As far as Steve Prevette’s graduate student, I would encourage her to focus her attention on creating the “Means” for translating Karasek’s and others’ works into practical applications at the factory floor level as opposed to re-proving that Karasek’s work is correct. Conducting surveys of workers “self-reporting of physical pain, psychological stress and feelings of control over work” is somewhat dubious at best. The results indicated in Mr. Prevette’s first paragraph are not surprising at all to anyone who has over ten years experience in the safety and health field at a manufacturing facility, especially if the facility is a union shop. These results merely state the obvious. A true contribution by Prevette’s graduate student would involve researching practical applications that could lead to interventions in the work place that would reduce pain and stress, while providing the worker with a sense of being a part of the decision making process involving his or her safety and health.
One of the key learnings from the DuPont experience centered on fully understanding that one’s worldview of what is right for the factory floor workers may not correlate at all with the factory floor worker’s beliefs, much less his or her supervisor, plant manager, business director, vice president, president or CEO. People at different levels of the organization have differing views of safety and health. The same can be said for applying systems thinking interventions into a world of reductionist thinkers. On its face, systems thinkers want to believe their approach to thinking will stir compelling arguments and make for better theory among non-systems thinkers. Unfortunately, it just does not work that way and probably will never work that way. So as systems thinkers we must create innovative ways to enter the system in order to nudge it toward becoming more effective. Dana Meadows provides the choreography for this to be possible.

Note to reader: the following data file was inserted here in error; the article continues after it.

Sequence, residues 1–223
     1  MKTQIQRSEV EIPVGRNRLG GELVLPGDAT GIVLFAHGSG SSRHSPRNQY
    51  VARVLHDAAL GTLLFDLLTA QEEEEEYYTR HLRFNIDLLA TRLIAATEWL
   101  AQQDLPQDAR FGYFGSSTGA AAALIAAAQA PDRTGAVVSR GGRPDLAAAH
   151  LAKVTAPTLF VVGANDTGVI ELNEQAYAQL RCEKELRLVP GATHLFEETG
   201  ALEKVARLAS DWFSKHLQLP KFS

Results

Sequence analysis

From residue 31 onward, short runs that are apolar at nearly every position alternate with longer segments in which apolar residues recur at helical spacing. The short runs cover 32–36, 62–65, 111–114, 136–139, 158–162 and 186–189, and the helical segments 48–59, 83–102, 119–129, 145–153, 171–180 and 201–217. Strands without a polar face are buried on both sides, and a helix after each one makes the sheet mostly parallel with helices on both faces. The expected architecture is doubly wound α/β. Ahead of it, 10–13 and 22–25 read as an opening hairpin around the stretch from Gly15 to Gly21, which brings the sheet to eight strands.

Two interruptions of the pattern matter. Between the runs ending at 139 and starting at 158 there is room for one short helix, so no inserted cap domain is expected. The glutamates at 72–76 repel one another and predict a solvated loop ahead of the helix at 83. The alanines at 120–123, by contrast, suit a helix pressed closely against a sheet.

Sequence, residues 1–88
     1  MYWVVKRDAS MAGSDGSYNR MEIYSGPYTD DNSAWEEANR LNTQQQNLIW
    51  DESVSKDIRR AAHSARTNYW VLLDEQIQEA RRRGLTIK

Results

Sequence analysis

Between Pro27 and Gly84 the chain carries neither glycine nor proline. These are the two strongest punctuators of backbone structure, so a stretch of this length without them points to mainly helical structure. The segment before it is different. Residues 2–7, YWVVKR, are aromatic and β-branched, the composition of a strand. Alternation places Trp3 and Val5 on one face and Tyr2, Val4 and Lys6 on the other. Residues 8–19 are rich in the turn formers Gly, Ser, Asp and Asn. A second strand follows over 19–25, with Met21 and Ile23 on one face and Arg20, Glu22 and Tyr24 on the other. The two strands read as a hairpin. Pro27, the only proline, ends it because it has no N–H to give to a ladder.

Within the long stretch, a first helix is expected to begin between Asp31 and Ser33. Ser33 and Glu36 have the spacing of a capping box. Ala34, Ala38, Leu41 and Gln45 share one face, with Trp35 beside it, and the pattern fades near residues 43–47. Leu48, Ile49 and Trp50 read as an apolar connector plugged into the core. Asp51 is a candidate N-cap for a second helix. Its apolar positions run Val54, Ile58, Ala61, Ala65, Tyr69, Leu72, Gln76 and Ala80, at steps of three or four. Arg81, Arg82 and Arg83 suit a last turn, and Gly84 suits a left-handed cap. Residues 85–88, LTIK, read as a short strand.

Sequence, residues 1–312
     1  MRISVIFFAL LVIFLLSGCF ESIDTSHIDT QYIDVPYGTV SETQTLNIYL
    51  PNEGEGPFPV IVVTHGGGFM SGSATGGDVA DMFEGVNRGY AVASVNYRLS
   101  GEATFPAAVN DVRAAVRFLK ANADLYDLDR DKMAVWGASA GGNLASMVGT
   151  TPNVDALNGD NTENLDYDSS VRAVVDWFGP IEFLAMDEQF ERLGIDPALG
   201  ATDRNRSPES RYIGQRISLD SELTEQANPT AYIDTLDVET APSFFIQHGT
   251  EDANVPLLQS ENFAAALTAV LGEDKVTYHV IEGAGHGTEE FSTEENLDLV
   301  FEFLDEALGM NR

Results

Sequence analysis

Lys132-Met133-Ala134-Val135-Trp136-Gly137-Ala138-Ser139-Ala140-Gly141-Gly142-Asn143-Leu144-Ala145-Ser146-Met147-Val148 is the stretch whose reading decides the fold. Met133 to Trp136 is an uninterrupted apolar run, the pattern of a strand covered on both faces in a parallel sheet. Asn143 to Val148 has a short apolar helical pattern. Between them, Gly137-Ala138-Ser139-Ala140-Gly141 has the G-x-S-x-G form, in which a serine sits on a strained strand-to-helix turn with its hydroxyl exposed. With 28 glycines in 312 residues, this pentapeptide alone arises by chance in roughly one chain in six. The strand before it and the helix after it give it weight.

Posted by: Jim Leemann at Dec 20, 2005 3:03:33 PM
Have you made a connection between your work and safety and health of the workers? I am working with a student on her PhD thesis, which started as a study of the "aging workforce" and injuries. Come to find out, if you do look at rate of injuries (on a per person basis) there is no correlation between age and injuries. But she did do a survey of 160 workers at Hanford, collecting info on self reported physical pain, psychological stress, and feelings of control over work. Althought there also was no age effect there, there was a strong correlation between reports of pain, high psych stress, and low control over work. Those who felt they had high control over their work reported less pain, even if the jobs were "stressful".
In the industrial psychology world (this is what the student is working on her PhD for) Robert Karasek and others have documented a connection between coronary hear disease, depression, and other physical symptoms arising from persons who feel they have low control over their work, but high psychological stress. Karasek calls for redesign of work to allow for a more participative style of management, but offers little for means.
I think there may be a very strong advantage to linking your work on systems and participative management to Karasek's work. It seems the your arguments (and Dr. Deming's) were largely productivity and quality focused. If we can also tie safety and health in, it may make a more compelling argument and theory. And, OSHA through the Voluntary Protection Program is supporting the idea of more worker involvement in the safety arena. Perhaps that model could be spread to the whole management structure.
Posted by: Steve Prevette at Dec 18, 2005 7:07:51 PM